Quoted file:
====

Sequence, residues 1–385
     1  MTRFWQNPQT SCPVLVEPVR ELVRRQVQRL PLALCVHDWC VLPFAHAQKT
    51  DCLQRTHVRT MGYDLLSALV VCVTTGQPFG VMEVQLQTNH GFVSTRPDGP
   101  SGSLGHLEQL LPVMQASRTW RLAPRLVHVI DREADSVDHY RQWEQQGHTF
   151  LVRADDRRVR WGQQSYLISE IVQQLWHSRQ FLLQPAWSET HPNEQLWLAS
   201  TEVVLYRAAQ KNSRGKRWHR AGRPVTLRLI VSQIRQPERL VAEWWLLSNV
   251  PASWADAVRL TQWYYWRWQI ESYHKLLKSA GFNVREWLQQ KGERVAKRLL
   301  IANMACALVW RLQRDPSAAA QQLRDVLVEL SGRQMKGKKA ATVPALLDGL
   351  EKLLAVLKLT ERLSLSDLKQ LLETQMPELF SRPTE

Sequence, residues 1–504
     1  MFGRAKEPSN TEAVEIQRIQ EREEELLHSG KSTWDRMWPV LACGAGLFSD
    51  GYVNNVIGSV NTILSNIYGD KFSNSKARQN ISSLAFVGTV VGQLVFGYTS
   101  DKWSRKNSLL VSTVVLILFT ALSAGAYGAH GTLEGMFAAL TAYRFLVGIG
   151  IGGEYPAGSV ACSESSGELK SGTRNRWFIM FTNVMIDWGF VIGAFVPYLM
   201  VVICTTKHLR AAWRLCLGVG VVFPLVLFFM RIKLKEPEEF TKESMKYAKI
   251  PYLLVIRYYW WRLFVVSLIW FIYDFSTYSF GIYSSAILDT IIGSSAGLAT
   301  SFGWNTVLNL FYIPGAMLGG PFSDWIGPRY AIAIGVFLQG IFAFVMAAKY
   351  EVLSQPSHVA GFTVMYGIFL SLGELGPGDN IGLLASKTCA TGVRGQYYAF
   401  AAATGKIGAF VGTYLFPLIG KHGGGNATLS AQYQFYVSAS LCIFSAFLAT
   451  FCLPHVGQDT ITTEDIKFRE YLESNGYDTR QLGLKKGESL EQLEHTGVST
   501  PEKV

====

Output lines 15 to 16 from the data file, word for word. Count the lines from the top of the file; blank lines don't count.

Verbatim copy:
   201  VVICTTKHLR AAWRLCLGVG VVFPLVLFFM RIKLKEPEEF TKESMKYAKI
   251  PYLLVIRYYW WRLFVVSLIW FIYDFSTYSF GIYSSAILDT IIGSSAGLAT